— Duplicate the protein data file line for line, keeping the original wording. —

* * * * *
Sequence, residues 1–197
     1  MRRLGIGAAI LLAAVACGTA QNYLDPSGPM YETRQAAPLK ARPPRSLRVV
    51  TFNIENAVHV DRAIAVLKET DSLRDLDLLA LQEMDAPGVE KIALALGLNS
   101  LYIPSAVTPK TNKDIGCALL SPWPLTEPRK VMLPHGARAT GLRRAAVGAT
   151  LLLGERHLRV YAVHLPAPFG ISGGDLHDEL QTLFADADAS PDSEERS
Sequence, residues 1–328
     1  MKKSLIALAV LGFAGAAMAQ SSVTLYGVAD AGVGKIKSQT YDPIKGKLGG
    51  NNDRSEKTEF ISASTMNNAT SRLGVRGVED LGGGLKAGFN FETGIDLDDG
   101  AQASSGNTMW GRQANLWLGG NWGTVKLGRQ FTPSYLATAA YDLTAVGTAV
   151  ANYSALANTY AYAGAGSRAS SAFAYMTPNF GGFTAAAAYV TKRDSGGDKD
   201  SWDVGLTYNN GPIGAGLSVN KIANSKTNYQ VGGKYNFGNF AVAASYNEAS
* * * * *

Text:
Sequence, residues 1–197
     1  MRRLGIGAAI LLAAVACGTA QNYLDPSGPM YETRQAAPLK ARPPRSLRVV
    51  TFNIENAVHV DRAIAVLKET DSLRDLDLLA LQEMDAPGVE KIALALGLNS
   101  LYIPSAVTPK TNKDIGCALL SPWPLTEPRK VMLPHGARAT GLRRAAVGAT
   151  LLLGERHLRV YAVHLPAPFG ISGGDLHDEL QTLFADADAS PDSEERS
Sequence, residues 1–328
     1  MKKSLIALAV LGFAGAAMAQ SSVTLYGVAD AGVGKIKSQT YDPIKGKLGG
    51  NNDRSEKTEF ISASTMNNAT SRLGVRGVED LGGGLKAGFN FETGIDLDDG
   101  AQASSGNTMW GRQANLWLGG NWGTVKLGRQ FTPSYLATAA YDLTAVGTAV
   151  ANYSALANTY AYAGAGSRAS SAFAYMTPNF GGFTAAAAYV TKRDSGGDKD
   201  SWDVGLTYNN GPIGAGLSVN KIANSKTNYQ VGGKYNFGNF AVAASYNEAS